BNR processes are known to offer several advantages over the more conventional activated sludge processes, namely superior effluent quality, a significant reduction in aeration energy requirements due to utilization of formed nitrates to remove organic matter, improved sludge settling characteristics, a reduction in sludge quantities due to lower bacterial yields in the anoxic tanks, and the elimination/minimization of chemical sludge. Although BNR activated sludge systems require more process controls as compared to conventional activated sludge systems, advances in process controls and data logging capabilities have significantly reduced human requirements and thus both systems now require comparable operator attendance. Consequently these BNR processes offer significant savings in both capital and operation/maintenance cost, in addition to the advantages of BNR over conventional activated sludge systems and their ability to meet stringent total nitrogen and phosphorus effluent criteria.

On the other hand, however, the reliability of the activated sludge BNR process in response to influent changes both in terms of quantity and characteristics (i.e. COD —Chemical Oxygen Demand), N, P, COD/P and COD/N ratios) have been questioned to the extent that many BNR plants have standby chemical dosing systems for P removal. Incomplete denitrification and low food to microorganisms (F/M) ratio have been observed to cause filamentous bulking conditions in BNR activated sludge systems [19, 20]. In some cases, external sources of carbon may be required to achieve P & N removal, because of low concentrations of readily biodegradable organics.

In view of the aforementioned shortcomings of the suspended growth BNR processes, there is a need to develop more effective BNR wastewater treatment processes. It would be ideal if the BNR concept can be combined with the fixed-film BFB process so that advantages of both processes can be utilized simultaneously. So far, no BFBs (without the combination with BNR) have accomplished effective phosphorus removal without using some chemical methods [21, 22]. To the best of our knowledge, a reliable BFB fixed-film BNR process that simultaneously achieves biological phosphorus and nitrogen removal has not been developed. Although nitrogen removal by simultaneous nitrification-denitrification has been accomplished in biological filters [23] by alternating oxic and anoxic conditions within the filter, very low nitrogen removal efficiencies (˜20% influent nitrogen) have been achieved.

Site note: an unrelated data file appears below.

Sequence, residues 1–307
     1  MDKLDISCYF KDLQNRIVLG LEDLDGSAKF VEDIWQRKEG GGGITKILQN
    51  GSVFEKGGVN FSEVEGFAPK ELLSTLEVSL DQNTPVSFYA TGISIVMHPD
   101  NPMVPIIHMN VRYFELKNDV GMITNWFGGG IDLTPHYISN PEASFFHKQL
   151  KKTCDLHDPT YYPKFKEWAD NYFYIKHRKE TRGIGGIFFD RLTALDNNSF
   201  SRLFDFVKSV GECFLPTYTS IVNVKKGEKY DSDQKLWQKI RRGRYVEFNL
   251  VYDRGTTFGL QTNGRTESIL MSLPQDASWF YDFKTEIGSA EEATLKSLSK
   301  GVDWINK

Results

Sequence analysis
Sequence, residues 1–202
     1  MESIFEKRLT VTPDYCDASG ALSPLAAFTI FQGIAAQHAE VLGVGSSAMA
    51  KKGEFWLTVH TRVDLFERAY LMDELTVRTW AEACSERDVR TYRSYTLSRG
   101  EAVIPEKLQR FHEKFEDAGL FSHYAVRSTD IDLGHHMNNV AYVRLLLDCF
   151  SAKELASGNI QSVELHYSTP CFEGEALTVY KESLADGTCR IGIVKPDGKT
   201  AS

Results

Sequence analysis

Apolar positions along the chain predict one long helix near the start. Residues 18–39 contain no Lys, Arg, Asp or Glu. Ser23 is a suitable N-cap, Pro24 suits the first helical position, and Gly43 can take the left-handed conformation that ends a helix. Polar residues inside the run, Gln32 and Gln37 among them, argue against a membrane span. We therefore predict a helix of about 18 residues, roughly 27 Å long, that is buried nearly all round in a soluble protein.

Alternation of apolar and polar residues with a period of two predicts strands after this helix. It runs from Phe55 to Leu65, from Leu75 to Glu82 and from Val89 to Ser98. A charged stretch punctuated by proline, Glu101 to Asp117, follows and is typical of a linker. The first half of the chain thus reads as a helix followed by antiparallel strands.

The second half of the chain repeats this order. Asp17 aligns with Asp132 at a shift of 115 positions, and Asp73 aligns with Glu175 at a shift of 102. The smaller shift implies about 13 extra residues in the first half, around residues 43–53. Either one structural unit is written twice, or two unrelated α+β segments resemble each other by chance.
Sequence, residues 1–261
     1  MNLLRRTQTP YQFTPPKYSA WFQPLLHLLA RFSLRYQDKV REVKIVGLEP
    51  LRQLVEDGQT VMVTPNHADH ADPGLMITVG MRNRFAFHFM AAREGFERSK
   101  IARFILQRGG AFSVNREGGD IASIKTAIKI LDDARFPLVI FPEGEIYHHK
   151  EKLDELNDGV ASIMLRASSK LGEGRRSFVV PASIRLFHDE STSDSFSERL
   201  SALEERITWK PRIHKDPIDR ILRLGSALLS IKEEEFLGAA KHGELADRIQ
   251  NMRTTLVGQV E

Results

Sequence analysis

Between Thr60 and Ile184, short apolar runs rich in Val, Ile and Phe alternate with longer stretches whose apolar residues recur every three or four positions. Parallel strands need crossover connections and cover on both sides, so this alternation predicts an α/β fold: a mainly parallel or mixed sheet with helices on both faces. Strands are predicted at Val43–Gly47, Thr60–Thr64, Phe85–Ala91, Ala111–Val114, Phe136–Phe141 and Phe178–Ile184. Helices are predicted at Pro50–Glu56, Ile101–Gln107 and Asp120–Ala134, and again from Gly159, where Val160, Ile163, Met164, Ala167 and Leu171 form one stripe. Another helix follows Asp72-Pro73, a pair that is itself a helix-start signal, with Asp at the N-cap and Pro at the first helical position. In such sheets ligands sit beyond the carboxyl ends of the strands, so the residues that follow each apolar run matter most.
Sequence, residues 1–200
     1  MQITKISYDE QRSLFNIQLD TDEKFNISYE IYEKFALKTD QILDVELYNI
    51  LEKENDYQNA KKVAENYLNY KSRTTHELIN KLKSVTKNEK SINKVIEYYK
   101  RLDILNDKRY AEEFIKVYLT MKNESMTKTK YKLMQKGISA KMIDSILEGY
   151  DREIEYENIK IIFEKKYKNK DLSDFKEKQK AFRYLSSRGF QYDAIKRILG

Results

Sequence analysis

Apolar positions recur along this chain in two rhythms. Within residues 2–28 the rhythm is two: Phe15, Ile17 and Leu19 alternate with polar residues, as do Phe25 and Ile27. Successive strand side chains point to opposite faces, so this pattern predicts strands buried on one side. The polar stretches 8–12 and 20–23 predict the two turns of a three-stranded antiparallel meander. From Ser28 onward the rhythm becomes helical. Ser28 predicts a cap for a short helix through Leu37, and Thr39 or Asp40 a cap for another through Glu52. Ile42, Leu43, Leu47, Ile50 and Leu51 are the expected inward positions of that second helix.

It would be very advantageous to provide a high-efficiency biological fluidized bed for simultaneous removal of carbon, nitrogen and phosphate. However, one of the key difficulties is how to arrange the three different processes, anaerobic, anoxic and aerobic processes, in an integrated fluidized bed system.

SUMMARY OF THE INVENTION

It is the object of the present invention to provide a fixed-film Biological Nutrient Removal (BNR) wastewater treatment system using a (Gas-) Liquid-Solid Circulating Fluidized Bed (LSCFB or GLSCFB) for carbon, nitrogen, and phosphorus removal.

Disclosed herein is a new fixed-film BFB BNR process, as shown in FIG. 2, realized in a new liquid-solid circulating fluidized bed system (LSCFB), which may also be called a gas-liquid-solid circulating fluidized bed system (GLSCFB) considering the injection of air into at least one of the fluidized bed in the system. LSCFB and GLSCFB are relatively new types of chemical and biological processors, that have only been studied very recently [7-13]. To the inventors' knowledge, although LSCFB and GLSCFB offer many distinct advantages for many chemical and bioprocesses, they have not been applied in any wastewater treatment process including the BNR processes. The new LSCFB/GLSCFB technology utilizes the high contact efficiency of the fluidized bed and integrate all three treatment zones of a BNR, anaerobic, anoxic and aerobic zones, into a single unit, the LSCFB/GLSCFB. It will be understood that hereinafter, that when reference is being made to liquid-solid circulating fluidized bed systems (LSCFB), it is also referring to gas-liquid-solid circulating fluidized bed systems (GLSCFB).